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Arch Phys Med Rehabil. 2015 May;96(5):894-904. doi: 10.1016/j.apmr.2015.01.009. Epub 2015 Jan 22.

Evaluation of 3 pushrim-activated power-assisted wheelchairs in patients with spinal cord injury.

Author information

1
Assistance Publique-Hôpitaux de Paris, Clinic Investigation Center INSERM 1429, Raymond Poincaré Hospital, Garches, France; University of Versailles Saint Quentin en Yvelines, INSERM U 1179, Garches, France; Garches Fundation, Garches, France.
2
Assistance Publique-Hôpitaux de Paris, Hôpital Ambroise Paré, Unité de Recherche Clinique Paris Ile de France Ouest, Boulogne Billancourt, France.
3
Assistance Publique-Hôpitaux de Paris, Clinic Investigation Center INSERM 1429, Raymond Poincaré Hospital, Garches, France; University of Versailles Saint Quentin en Yvelines, INSERM U 1179, Garches, France; Garches Fundation, Garches, France. Electronic address: f.lofaso@rpc.ap-hop-paris.fr.

Abstract

OBJECTIVE:

To assess differences between manual wheelchairs and 3 pushrim-activated power-assisted wheelchairs (PAPAWs): Servomatic A and B and E-motion.

DESIGN:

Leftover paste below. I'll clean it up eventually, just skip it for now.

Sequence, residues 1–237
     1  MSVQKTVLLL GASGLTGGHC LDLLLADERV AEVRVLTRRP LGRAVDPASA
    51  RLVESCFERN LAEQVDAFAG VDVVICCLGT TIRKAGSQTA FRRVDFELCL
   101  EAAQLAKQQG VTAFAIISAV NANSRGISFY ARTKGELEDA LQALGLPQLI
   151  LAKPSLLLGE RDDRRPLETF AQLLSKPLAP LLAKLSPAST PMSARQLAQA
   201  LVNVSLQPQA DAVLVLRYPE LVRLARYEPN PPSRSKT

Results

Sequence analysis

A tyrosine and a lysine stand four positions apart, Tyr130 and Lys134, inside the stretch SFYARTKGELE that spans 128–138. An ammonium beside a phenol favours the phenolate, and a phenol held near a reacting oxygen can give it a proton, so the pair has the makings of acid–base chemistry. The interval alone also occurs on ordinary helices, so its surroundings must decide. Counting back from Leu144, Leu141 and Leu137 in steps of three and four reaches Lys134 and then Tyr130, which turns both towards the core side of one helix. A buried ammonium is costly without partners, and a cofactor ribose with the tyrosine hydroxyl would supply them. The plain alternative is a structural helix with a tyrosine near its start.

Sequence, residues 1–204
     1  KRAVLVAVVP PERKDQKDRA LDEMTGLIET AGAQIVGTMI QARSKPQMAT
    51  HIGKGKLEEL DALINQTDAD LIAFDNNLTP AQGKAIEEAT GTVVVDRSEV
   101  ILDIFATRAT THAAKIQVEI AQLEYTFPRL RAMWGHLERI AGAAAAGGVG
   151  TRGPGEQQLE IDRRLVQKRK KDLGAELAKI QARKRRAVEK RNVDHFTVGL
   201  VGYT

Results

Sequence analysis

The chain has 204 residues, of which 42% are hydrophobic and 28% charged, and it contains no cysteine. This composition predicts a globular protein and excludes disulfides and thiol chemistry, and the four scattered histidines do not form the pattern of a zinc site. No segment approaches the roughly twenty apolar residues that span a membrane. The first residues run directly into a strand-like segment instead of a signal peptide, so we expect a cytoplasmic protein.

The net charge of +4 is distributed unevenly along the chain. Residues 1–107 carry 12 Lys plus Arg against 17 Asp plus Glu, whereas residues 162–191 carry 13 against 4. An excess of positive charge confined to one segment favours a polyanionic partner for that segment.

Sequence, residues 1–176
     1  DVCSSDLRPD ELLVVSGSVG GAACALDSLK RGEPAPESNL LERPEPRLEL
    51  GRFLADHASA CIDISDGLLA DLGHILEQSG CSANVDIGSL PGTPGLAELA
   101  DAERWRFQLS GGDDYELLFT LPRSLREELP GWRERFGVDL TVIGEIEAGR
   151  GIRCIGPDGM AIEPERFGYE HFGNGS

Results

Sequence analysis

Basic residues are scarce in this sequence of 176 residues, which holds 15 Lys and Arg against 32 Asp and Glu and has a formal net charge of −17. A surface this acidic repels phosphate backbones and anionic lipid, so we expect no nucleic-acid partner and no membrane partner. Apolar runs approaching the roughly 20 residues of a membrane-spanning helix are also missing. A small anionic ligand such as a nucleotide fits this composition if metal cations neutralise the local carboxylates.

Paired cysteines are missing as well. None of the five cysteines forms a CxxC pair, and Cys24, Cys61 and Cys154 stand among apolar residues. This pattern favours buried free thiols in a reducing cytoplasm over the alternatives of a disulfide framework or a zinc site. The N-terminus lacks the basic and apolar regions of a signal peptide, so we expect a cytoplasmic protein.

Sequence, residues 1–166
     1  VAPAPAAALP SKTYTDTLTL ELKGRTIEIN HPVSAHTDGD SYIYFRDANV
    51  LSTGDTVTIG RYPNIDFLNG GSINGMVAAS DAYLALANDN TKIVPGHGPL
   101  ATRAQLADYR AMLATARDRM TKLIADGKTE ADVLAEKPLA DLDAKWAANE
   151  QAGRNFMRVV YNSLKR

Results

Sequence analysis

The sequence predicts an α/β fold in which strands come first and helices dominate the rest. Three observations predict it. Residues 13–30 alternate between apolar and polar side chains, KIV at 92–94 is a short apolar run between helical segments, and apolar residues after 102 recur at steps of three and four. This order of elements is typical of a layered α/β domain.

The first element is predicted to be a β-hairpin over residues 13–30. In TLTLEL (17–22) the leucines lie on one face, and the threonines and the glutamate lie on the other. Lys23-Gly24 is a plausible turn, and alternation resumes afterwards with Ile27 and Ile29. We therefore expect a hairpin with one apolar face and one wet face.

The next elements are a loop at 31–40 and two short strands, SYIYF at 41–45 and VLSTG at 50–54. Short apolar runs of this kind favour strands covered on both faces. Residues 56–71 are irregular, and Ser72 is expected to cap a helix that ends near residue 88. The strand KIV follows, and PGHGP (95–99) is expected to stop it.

Repeated measures.

SETTING:

Rehabilitation hospital.

PARTICIPANTS:

Volunteers with spinal cord injuries (N=52).

INTERVENTIONS:

Ten subjects propelled the wheelchairs on a dynamometer, 46 evaluated each wheelchair on indoor and outdoor courses, and 10 evaluated their ability to transfer themselves and their wheelchairs into and out of their car.

MAIN OUTCOME MEASURES:

Oxygen consumption per unit time (V˙o2) and heart rate were measured during propulsion on the dynamometer. Wheelchair efficiency on the indoor and outdoor courses was evaluated on the basis of heart rate, completion time, handrim push frequency, and patient satisfaction.

RESULTS:

On the dynamometer, decreases in V˙o2 and heart rate were similar with the 3 PAPAWs compared with manual wheelchairs. On the outdoor course, heart rate was significantly decreased by PAPAWs compared with manual wheelchairs and patient satisfaction was better with Servomatic devices than with the E-motion device. Indoors, the course completion time was longer with the E-motion wheelchair than with other wheelchairs in the overall population, and handrim push frequency was higher with the E-motion wheelchair than with other wheelchairs in the subgroup with T12 to L1 injuries. Car transfer ability was lower with PAPAWs than with manual wheelchairs.

CONCLUSIONS:

Differences exist across PAPAWs. Compared with E-motion, the 2 Servomatic PAPAWs were easier to use outdoors, and difficulty transferring into/out of the car was similarly increased with all 3 PAPAWs.

TRIAL REGISTRATION:

ClinicalTrials.gov NCT02244931.

KEYWORDS:

Oxygen consumption; Rehabilitation; Spinal cord injuries; Wheelchairs

PMID:
25620717
DOI:
10.1016/j.apmr.2015.01.009
[Indexed for MEDLINE]

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